a second deposit is called for; the panic-struck shareholders gene- and bread, so complete and convincing, that incredulity has no longer rally refuse to risk any farther payment; their shares “become for-a pretext behind which to shelter itself, and the public has with one seited to the Company,according to the agrcement; the very, few rash accord cried out “ shame!" on the offenders. This has gratified us persons who did pay the second instalment, are repaid in full; the for many reasons, hut chiefly because the evil, though of frightful solicitors, clerks, &c. are paid ; and the very respectable Directors magnitude, is one which will be corrected as soon as the public attendivide the remainder, and make "an orderly retreat” in perfect safety!] tion is sufficiently awake to it. Something may be done by a new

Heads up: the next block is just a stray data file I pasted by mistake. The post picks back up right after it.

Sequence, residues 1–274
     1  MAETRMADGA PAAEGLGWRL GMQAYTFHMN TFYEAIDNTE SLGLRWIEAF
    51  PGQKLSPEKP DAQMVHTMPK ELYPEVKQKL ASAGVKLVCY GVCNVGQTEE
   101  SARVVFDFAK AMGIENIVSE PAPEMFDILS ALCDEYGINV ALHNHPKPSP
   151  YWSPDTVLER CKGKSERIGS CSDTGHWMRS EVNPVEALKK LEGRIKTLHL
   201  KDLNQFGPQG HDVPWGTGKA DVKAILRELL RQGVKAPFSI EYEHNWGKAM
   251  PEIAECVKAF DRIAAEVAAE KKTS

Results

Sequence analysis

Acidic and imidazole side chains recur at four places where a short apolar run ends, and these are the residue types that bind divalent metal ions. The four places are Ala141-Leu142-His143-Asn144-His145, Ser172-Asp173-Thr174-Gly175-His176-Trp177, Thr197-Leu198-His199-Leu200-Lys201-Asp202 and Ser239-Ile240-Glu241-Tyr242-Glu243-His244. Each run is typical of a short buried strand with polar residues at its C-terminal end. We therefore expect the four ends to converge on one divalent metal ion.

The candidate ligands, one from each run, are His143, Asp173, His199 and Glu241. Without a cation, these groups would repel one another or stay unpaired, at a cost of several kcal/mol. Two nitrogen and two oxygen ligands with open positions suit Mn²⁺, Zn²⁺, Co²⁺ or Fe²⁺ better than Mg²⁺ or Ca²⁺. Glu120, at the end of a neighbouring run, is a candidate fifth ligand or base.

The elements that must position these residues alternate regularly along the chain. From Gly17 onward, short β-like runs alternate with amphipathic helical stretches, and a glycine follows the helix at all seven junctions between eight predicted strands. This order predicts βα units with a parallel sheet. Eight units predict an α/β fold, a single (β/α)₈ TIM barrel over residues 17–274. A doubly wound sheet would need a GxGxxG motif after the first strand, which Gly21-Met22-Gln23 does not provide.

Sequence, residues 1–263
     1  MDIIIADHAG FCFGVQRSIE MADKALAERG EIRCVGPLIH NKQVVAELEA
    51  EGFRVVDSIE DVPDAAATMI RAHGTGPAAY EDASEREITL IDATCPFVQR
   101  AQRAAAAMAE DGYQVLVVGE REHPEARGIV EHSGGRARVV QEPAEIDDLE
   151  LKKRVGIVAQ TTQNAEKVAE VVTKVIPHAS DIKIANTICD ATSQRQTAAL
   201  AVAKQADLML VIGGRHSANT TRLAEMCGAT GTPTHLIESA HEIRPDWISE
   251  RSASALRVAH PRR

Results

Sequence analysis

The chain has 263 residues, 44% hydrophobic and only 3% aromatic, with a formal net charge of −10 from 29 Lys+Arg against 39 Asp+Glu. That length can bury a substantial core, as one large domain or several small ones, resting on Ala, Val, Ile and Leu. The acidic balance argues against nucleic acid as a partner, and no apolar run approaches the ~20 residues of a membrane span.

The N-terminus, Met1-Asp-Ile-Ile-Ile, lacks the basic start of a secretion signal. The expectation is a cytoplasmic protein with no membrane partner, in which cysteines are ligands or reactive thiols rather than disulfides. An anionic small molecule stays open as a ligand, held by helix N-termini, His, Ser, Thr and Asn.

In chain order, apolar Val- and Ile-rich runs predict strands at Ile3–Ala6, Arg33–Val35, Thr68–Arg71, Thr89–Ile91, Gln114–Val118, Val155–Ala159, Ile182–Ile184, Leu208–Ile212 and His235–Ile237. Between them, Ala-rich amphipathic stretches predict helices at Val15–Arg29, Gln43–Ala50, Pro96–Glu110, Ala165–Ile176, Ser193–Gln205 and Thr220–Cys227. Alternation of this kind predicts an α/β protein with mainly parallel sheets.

e Capital. | Act of Parliament': there are already statutes imposing penalties on The National Stud ...........................

adulteration; but we do not think that any, or at least a sufficient, South American Company for Agricultural and other purposes 1,000,000

| inducement is held out to the informer. It has been well asked, why, South American and Colonial Steain Navigation Company, 600,000 British Philotechnic Society ........

since brewers are forbidden to keep certain drugs on their premises, New Albion Gas Light Company .....

100,000

should not millers and bakers be prohibited from keeping Derbyshire Tywarnhale Mining Association...

250,000

white, ground bones, plaster of Paris, and other filthy stuff,* the only Goonearl Mining Company (Cornish)

50,000 use they can make of which is adulterative! If a sharp penalty were Economic Meat Association ...

100,000 | levied on every baker and miller who was proved to possess such London and Boulogne Steam Packet Company.

atrocious compounds, and the whole amount given to the informer, Manganese Mining Company ..........

adulteration would become a difficult, instead of being, as it now is, Telegraph Company..............